Back in 2018, Hi Fly received a frosty reception in New Zealand when its aircraft and crew were accused of providing "sub-par service" on aircraft "filled with rubbish".
The European airline was operating temporary replacement flights for Air New Zealand while it dealt with a shortage of aircraft due to technical issues with its Dreamliners at the time.
Now the airline has received an even colder reception, but this time it was expected and is being celebrated.
Hi Fly flew an A340-300 from Cape Town to Antarctica, making it the first Airbus A340 to land on the icy continent ever.
Captain Carlos Mirpuri and his crew flew the widebody aircraft for its 2500 nautical mile trip, taking just over five hours each way.
The aircraft will be used this season to fly a small number of tourists, alongside scientists and essential cargo to Antarctica.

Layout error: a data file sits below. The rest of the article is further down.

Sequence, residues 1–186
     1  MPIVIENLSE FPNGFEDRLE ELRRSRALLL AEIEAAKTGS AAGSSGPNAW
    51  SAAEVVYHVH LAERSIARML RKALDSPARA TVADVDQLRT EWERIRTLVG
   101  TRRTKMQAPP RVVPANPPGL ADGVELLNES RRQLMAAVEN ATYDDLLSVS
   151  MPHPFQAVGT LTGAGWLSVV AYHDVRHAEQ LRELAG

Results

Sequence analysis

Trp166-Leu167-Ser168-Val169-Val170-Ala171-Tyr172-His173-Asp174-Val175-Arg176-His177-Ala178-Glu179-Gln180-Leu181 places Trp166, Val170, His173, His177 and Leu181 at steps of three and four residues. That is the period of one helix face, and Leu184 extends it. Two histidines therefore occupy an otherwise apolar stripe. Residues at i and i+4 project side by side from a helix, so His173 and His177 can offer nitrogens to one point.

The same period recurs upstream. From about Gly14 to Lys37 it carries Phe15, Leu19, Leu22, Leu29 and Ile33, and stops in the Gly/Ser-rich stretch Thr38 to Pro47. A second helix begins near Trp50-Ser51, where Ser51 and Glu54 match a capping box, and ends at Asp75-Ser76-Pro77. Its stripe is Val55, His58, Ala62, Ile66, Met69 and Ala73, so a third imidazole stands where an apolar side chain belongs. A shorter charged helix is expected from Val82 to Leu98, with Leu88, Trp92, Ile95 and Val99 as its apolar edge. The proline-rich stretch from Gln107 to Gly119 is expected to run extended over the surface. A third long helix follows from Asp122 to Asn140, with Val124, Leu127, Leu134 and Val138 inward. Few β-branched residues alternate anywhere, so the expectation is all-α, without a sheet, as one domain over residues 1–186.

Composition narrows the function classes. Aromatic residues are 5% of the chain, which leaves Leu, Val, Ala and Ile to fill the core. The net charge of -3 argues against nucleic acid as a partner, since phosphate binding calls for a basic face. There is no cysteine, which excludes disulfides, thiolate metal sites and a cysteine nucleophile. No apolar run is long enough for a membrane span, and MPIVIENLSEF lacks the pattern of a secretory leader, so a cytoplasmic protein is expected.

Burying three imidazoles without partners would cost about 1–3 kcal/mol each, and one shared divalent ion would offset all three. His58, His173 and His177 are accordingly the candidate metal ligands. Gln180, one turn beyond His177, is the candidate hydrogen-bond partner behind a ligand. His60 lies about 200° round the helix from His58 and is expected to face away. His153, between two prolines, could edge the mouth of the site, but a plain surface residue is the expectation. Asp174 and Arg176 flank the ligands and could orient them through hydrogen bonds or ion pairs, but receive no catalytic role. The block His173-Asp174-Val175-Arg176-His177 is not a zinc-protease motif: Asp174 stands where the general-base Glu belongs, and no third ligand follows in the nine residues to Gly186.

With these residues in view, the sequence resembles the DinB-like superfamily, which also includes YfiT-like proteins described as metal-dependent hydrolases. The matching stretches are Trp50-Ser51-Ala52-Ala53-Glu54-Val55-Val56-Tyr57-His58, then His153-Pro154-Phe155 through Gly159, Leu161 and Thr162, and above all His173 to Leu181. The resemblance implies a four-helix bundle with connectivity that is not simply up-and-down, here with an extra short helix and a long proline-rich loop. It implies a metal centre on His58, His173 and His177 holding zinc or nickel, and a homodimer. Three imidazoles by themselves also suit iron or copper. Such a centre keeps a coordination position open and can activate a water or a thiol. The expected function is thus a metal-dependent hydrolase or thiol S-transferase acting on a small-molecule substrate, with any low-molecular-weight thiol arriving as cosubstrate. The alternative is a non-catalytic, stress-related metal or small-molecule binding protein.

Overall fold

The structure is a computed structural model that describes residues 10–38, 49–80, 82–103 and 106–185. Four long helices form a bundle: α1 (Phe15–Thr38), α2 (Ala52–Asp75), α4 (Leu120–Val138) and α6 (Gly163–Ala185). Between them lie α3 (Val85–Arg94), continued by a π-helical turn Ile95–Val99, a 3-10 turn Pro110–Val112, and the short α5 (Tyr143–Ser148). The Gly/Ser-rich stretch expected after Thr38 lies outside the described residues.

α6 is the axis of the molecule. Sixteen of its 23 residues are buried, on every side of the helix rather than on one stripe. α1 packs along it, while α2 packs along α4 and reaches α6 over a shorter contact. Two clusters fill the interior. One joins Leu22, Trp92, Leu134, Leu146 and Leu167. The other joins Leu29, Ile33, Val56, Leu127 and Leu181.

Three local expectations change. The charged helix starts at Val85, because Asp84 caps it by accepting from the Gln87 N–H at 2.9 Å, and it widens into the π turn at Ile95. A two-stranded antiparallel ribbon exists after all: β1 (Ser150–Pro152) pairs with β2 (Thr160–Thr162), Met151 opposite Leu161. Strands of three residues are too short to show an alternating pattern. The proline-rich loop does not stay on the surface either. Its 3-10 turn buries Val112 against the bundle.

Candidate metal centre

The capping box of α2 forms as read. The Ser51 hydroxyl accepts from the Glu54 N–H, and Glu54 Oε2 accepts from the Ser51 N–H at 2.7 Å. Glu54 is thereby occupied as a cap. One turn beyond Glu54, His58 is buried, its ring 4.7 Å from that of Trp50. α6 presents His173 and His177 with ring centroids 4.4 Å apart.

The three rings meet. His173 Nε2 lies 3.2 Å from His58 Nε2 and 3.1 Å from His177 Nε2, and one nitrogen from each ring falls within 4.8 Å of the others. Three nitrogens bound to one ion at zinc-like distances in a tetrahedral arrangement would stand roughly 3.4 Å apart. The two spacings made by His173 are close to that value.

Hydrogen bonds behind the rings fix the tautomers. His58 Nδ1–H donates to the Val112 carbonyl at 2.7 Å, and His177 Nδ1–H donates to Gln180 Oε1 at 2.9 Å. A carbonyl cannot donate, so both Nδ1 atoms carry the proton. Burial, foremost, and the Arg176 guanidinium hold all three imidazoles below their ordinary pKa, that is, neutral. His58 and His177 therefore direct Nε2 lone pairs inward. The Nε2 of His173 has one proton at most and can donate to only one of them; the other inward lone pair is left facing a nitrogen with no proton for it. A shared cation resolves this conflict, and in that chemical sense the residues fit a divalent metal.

The aircraft's four engines give it an advantage over other long-haul aircraft, with plenty of back-up power should an engine malfunction while in a location so far from land.
Captain Mirpuri said despite all of the delicate planning, the flight was almost put off due to a most common aviation problem: Birds.
"We lined up on runway 01 but had to pause for a moment before launching; I spotted intense bird activity over the runway and asked the tower to roll the truck in charge of scaring them out, and eventually they moved out of the way. The last thing we want is a bird strike and potential engine damage on any flight," he said.